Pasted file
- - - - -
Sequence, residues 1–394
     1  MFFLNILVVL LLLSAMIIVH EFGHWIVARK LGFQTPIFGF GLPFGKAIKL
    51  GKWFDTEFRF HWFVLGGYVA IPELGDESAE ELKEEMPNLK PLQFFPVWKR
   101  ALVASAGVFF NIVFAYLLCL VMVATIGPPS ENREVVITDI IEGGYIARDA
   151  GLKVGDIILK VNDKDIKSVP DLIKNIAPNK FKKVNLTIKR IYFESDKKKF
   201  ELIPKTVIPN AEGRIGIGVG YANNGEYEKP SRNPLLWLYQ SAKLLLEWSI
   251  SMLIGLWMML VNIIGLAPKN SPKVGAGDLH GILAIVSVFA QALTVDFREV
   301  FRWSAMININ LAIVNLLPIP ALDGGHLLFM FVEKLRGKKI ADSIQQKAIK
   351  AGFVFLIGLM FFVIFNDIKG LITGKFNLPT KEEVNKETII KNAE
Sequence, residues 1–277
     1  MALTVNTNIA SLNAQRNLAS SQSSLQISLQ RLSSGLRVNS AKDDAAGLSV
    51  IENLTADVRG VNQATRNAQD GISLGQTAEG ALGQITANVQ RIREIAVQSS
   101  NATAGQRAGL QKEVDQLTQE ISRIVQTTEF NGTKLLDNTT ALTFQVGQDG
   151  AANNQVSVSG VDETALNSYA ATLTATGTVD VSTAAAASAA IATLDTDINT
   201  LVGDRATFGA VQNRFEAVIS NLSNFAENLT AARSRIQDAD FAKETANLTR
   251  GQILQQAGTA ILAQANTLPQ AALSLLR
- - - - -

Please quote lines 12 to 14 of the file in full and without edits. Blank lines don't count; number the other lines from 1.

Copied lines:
    51  IENLTADVRG VNQATRNAQD GISLGQTAEG ALGQITANVQ RIREIAVQSS
   101  NATAGQRAGL QKEVDQLTQE ISRIVQTTEF NGTKLLDNTT ALTFQVGQDG
   151  AANNQVSVSG VDETALNSYA ATLTATGTVD VSTAAAASAA IATLDTDINT